E-911 panel to decide its portion of funding for Aug. 3 balloting on use tax proposal

BY BUCK COLLIER, SPECIAL CORRESPONDENT
Posted 7/14/21

HERMANN — Directors of the Gasconade County Enhanced 911 program this morning (Wednesday) are expected to decide how much the agency will provide to help pay for the Aug. 3 special election on a …

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E-911 panel to decide its portion of funding for Aug. 3 balloting on use tax proposal

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HERMANN — Directors of the Gasconade County Enhanced 911 program this morning (Wednesday) are expected to decide how much the agency will provide to help pay for the Aug. 3 special election on a proposed use tax, the only countywide issue on the ballot. The Board of Directors is scheduled to meet in its regular monthly session at 9 a.m.

The proposed use tax — a sales tax that would be applied to purchases made online from out-of-state retailers — is being sought by the E-911 program and Gasconade County government. The proposed 1.375-cent tax would be divided among the two government entities with E-911 receiving .375 cents, the same amount as its General Fund sales tax. County government would receive 1 cent. State law requires that the use tax be the same amount as an entity’s General Fund sales tax.

The cost of conducting the countywide vote is estimated to be about $18,000. The E-911 board in April agreed to help fund the cost of the balloting. The ballot issue is being proposed jointly by E-911 and county government and formally being sought by county government.

Because the 911 program was part of county government at the time its General Fund sales tax was proposed, the agency’s use tax proposal has to be made by county government — again, a quirk of state law.

E-911 administrators estimate the .375-cent use tax could generate as much as $90,000 a year. For county government, its 1-cent portion could produce an estimated $125,000 a year. County officials, who have been viewing the use tax as a potential source of new revenue for several years, became more interested in pursuing another vote — this will be the seventh use tax vote in the past couple decades — after seeing a sharp increase in online purchases during the coronavirus pandemic. County officials are optimistic that online purchases will remain high as the pandemic runs its course.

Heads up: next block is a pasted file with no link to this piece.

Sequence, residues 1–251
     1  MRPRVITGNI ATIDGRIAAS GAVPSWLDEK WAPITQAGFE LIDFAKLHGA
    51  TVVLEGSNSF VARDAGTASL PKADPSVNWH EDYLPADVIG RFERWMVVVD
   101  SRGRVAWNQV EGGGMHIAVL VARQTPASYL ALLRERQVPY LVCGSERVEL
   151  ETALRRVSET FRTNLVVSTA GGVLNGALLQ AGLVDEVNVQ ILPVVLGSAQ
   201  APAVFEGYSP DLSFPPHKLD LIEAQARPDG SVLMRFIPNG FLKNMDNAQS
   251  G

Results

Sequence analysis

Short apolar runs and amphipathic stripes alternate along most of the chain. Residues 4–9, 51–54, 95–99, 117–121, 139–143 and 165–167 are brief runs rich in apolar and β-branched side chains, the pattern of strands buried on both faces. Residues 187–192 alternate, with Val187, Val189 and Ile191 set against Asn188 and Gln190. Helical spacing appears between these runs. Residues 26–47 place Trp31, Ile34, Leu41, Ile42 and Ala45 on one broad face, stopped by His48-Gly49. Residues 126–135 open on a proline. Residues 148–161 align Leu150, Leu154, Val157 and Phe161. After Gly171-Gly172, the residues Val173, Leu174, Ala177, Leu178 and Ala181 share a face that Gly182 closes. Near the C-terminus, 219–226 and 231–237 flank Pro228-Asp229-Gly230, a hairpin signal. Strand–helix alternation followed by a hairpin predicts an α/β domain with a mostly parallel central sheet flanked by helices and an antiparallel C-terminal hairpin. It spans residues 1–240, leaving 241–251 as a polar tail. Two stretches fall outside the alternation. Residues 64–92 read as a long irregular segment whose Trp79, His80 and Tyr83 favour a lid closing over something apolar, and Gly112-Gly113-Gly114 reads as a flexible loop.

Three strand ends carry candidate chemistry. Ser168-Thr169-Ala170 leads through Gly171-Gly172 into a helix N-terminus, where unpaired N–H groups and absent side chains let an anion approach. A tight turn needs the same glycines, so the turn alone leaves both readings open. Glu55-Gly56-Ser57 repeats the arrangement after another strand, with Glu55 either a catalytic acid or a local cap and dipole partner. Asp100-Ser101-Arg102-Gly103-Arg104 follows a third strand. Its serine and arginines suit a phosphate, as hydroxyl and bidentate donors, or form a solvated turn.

Gasconade County administrators say they are proposing the use tax as a matter of fairness to local merchants, who are obligated to charge a sales tax while out-of-state vendors do not have to charge customers a local sales tax. Indeed, some out-of-state vendors have touted the lack of a local sales tax assessment as a selling point for online shopping, county officials point out, thereby putting local merchants at a disadvantage.

At last week’s County Commission session on July 8, Presiding Commissioner Larry Miskel, R-Hermann, noted that E-911 administrators are preparing a brochure containing frequently asked questions regarding the proposed use tax for advocates to use at speaking engagements. Miskel added that he is scheduled to speak on the use tax proposal tomorrow (Thursday) at a meeting of the Hermann Area Chamber of Commerce board members.

A simple majority is needed to adopt the proposed use tax.

Meanwhile, letters were mailed last week by the County Clerk’s Office to several thousand registered voters reminding them of the change in polling places for the Aug. 3 special election. Because of the expected low turnout for the only countywide issue on the ballot, and as a way to save money, the county’s usual 16 polling places have been merged into seven. County Clerk Lesa Lietzow, the county’s chief elections official, earlier told the County Commission that merging polling places would allow her office to make better use of election judges and allow for extra judges at the busier polling places in Owensville and Hermann.

The letters remind voters that polls will be open from 6 a.m. to 7 p.m. Also, voters are reminded they will need to show an ID and sign the pollbook before receiving a ballot. The pollbooks from the closed precincts will be at the newly assigned polling places.

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